Historical blazes give K-State a fiery history

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(Archive photo from 1969 | Courtesy Kansas State Libraries)

From the beginning, Kansas State has extensive experience with battling blazes. The most recent fire in Hale Library overshadows some of the more interesting campus fires.

The first recorded fire occurred in May 1882 in Anderson Hall. The seventh volume of the Kansas State Industrialist reported that “on Saturday of last week, one of the workmen on the new building kindled a fire on some piece of slate in the second story in an idiotic attempt to warm his fingers.”

A hole was burned in some second story floor boards. The workman’s name was not reported.

According to a Collegian article “During fire prevention week, Kansas State recalls past fires” dated Oct. 8, 1948, the president’s house was struck by lightning in 1895 and subsequently caught fire. It was a “total loss.”

Holtz Hall burned on May 31, 1900. It had previously housed the chemistry department and women’s gymnasium.

Denison was built to replace Holtz, but it burned down in 1934. The Manhattan Mercury reported on Aug. 4, 1934 that students stood outside the building attempting to “identify chemicals based on the colors of the flames.” Willard Hall was constructed after Denison burned down to house the chemistry and physics departments.

The campus did not see another fire for 31 years, until K-State’s auditorium, nicknamed the Barn, burned Jan. 15, 1965.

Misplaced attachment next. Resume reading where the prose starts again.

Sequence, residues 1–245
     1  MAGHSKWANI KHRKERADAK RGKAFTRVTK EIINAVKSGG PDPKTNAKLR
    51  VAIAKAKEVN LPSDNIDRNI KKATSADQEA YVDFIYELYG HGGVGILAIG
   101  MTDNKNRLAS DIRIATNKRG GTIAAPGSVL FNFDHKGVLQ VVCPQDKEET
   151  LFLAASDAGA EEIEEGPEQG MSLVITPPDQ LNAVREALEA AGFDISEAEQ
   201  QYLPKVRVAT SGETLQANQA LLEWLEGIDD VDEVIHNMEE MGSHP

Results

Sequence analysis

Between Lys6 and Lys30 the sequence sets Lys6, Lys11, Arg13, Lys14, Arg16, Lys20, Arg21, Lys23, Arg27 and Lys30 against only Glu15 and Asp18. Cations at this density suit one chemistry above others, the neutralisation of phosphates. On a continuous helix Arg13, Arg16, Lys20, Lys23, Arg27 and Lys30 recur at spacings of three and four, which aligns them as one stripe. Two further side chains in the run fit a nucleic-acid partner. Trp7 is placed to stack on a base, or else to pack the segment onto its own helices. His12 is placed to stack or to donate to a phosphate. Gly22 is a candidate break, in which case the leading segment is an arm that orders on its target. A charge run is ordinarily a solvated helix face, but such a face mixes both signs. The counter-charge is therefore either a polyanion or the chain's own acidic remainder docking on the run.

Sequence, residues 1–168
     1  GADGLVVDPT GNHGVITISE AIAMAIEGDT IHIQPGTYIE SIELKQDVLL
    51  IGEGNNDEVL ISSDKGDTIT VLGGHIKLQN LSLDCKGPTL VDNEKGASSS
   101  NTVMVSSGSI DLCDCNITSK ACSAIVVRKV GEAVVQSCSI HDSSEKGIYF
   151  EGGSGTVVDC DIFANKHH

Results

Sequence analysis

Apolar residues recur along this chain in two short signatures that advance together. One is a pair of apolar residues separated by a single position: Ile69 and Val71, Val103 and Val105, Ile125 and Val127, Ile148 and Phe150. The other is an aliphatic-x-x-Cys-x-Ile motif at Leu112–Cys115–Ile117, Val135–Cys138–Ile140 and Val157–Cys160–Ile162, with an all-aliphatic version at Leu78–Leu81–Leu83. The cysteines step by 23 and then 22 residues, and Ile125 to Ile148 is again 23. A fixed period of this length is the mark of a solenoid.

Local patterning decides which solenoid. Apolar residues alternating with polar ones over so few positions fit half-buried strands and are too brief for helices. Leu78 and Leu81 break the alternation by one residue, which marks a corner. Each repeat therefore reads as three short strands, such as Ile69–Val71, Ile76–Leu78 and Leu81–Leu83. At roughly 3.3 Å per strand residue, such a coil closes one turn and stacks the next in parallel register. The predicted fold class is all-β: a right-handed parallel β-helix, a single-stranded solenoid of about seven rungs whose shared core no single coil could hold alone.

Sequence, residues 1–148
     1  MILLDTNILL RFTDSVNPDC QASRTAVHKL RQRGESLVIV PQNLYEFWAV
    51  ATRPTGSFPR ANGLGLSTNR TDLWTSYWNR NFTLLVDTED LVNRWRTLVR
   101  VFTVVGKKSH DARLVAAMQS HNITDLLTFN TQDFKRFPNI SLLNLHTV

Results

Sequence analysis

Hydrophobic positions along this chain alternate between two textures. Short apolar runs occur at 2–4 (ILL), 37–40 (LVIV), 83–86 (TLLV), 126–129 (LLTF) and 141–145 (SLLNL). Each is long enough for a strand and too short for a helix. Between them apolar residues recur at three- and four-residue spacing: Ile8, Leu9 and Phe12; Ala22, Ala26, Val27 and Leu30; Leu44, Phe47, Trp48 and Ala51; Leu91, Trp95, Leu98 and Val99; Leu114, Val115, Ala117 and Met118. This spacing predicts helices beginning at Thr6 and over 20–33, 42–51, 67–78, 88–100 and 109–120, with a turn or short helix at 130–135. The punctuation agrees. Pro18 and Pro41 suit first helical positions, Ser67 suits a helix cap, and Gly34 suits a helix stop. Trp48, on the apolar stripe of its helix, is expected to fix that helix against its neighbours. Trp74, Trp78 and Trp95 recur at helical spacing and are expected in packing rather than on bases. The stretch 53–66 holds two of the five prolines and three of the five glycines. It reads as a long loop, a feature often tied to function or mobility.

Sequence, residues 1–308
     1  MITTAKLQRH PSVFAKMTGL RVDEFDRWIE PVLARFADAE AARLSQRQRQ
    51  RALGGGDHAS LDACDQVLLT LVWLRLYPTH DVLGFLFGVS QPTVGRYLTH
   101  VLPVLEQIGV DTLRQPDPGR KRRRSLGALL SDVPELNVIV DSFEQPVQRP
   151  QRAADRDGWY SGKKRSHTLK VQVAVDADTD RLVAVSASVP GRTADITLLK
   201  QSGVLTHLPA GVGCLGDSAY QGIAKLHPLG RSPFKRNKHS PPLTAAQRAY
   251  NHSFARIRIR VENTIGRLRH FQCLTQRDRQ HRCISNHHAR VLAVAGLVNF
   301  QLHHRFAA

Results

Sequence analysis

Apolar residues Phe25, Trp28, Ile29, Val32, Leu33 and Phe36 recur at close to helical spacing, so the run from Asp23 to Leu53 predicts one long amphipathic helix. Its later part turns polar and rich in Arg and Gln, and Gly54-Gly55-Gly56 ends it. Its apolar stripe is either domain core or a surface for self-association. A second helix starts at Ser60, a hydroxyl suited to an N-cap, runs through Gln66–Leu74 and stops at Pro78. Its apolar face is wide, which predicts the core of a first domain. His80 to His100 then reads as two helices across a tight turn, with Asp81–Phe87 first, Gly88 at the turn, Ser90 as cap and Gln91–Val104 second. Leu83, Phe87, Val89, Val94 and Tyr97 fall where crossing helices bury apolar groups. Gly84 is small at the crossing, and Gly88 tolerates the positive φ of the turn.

At 1:20 in the morning, night watchman Frank Beard reported the fire, a Collegian article reports. A dozen campus and city firefighters fought the flames. Arson was later determined to be the cause of the late night blaze. The interior was mostly constructed of wood which led to a fast moving fire.

Originally, it was thought Beard was the arsonist. On Jan. 19, 1964, the Collegian reported two students had been arrested for arson. Larry D. Sayler and William F. Shaw were convicted of the crime.

The Nichols Hall fire occurred Friday, Dec. 13, 1968. The fire destroyed radio station equipment, sheet music, instruments and two gymnasiums within the building. The fire was set by an arsonist who stacked wooden tables by the main doors, poured gasoline on them and set them ablaze. They were never caught.

The stone walls were the only remaining part of the building. University president Duane Acker wanted to raze the building a decade later, but student protests resulted in a movement to revitalize the building instead. Construction began in 1983.

Anderson Hall once again was in flames Aug. 20, 1993 when the south tower was struck by lightning. K-State senior Craig Goodman alerted the campus police who then called the Manhattan Fire Department. Damage to Anderson was estimated to cost $1.25 million.

On March 2, 2018, Wefald Hall was evacuated when a fire started just after 4:30 a.m. Most of the damage in the building was caused by water damage and the fire was extinguished by an internal suppression system. About 25 students were relocated.

May 22 of this year marks the most recent fire on campus with a fire starting atop Hale Library during roofing construction. Major damage came from water and smoke as the fire only broke through in the Great Room.

The first floor of the Hale may be reopened as soon as fall of 2019.

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I’m Bailey Britton, a freshman from Colby, KS. I am double majoring in print journalism and secondary education with a focus in English and journalism. This semester I am of the assistant news editors. Writing and reading have always been passions of mine. When I have free time, I like to play tennis and be active or curl up with a good book and a cup of coffee.